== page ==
complex upon addition of the
nucleotide precursors required for
RNA synthesis and after
phosphorylation

of serine resides
within the
enzyme’
s

tail

.

PIC =
preinitiation

complex



The first two steps of Eukaryotic transcription

Many archae have a proliferation of TBPs and TFBs, suggesting that

they provide choice in promoters, akin to alternative
s.

In archae, TBP and TFB are sufficient for formation of the pre
-
initiation complex (PIC), suggesting that they are key to the mechanism
of transcription initiation in eukaryotes

Promoter

TFB

TBP

The Pol II promoter has many recognition regions

Positions of various DNA elements relative to the transcription start site (indicated by the arrow
above the DNA). These elements are:

BRE (TFIIB recognition element); there is also a second BRE site downstream of TATA

TATA (TATA Box);

Inr (initiator element);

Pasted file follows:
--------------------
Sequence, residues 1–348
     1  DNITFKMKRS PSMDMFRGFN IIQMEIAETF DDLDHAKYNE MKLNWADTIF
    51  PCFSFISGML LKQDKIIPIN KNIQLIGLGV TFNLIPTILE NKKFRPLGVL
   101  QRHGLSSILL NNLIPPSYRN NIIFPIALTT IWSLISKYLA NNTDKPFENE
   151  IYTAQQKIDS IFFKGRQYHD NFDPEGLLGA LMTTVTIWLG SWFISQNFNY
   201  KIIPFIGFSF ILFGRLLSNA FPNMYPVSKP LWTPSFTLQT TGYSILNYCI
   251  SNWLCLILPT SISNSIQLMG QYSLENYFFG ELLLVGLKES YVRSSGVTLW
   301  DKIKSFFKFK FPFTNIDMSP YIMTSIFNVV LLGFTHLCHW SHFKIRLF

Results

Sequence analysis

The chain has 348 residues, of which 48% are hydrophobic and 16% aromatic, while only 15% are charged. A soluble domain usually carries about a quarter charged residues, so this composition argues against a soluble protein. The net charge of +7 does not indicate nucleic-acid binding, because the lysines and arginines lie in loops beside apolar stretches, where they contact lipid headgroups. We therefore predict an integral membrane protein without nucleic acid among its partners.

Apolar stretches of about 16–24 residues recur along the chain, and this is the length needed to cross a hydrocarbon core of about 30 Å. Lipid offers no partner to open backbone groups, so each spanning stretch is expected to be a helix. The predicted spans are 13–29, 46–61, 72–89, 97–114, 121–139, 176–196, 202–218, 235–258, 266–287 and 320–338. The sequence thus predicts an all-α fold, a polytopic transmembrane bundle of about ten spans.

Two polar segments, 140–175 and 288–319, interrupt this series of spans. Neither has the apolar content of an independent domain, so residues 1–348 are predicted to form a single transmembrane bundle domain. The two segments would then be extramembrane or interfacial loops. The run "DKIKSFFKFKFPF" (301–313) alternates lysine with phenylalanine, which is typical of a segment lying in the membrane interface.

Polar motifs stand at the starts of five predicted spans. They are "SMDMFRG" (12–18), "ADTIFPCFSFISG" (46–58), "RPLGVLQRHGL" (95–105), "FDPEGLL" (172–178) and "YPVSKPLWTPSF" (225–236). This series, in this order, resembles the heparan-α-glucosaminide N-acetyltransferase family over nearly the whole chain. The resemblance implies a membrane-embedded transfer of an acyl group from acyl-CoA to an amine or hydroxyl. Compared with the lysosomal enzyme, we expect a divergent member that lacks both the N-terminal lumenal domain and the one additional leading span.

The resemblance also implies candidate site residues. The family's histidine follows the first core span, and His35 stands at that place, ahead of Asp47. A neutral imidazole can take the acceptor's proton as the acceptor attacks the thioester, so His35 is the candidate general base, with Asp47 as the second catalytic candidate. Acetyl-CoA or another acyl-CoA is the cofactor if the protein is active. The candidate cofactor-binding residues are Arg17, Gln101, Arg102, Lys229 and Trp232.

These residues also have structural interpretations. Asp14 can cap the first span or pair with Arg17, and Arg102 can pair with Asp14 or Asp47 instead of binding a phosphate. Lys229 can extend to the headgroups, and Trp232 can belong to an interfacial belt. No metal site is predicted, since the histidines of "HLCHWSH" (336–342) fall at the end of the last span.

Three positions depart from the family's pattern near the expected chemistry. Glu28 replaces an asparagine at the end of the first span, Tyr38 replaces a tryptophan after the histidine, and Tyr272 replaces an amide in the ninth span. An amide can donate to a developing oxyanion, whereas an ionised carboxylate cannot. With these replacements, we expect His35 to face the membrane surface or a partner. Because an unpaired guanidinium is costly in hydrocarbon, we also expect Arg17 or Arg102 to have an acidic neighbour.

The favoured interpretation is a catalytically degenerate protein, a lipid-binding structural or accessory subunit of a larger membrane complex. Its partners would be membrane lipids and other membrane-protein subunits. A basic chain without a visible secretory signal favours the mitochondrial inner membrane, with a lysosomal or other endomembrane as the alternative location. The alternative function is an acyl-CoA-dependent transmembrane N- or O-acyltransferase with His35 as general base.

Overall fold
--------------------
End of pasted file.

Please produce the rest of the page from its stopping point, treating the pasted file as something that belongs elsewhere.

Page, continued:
DPE (downstream promoter element);

DCE (downstream core element).


MTE (motif ten element; not shown) is located just upstream of the DPE.

Steps in transcription initiation

K
B

K
f

initial

binding


isomerization


Abortive

Initiation

Elongating

Complex


RP
o

RP
c

R+P

NTPs

K
B

K
f

initial

binding


isomerization


Abortive

Initiation

Elongating

Complex


RP
o

RP
c

R+P

NTPs

Abortive Initiation and Promoter escape


D
uring abortive initiation, RNAP synthesizes many short transcripts, but
reinitiates rapidly.


How can the active site of RNAP move forward along the DNA while maintaining

c
ontact with the promoter?


Förster (fluorescence) resonance energy transfer (FRET) allows the determination of intramolecular distances through fluoresc
ent

coupling between a donor (yellow star) and an acceptor (red star) dye. When the donor (yellow star) is excited (blue arrows)
it

emits
light. When the donor fluorophore moves sufficiently close to the acceptor (right), resonance energy transfer results in emis
sio
n of a
longer wavelength by the acceptor. The degree of acceptor emission relative to donor excitation is sensitive to the distance
bet
ween
the attached dyes.This process depends on the inverse sixth power of the distance between fluorophores. By measuring the inte
nsi
ty
change in acceptor fluorescence, distances on the order of nanometers can currently be measured in single molecules with
millisecond time resolution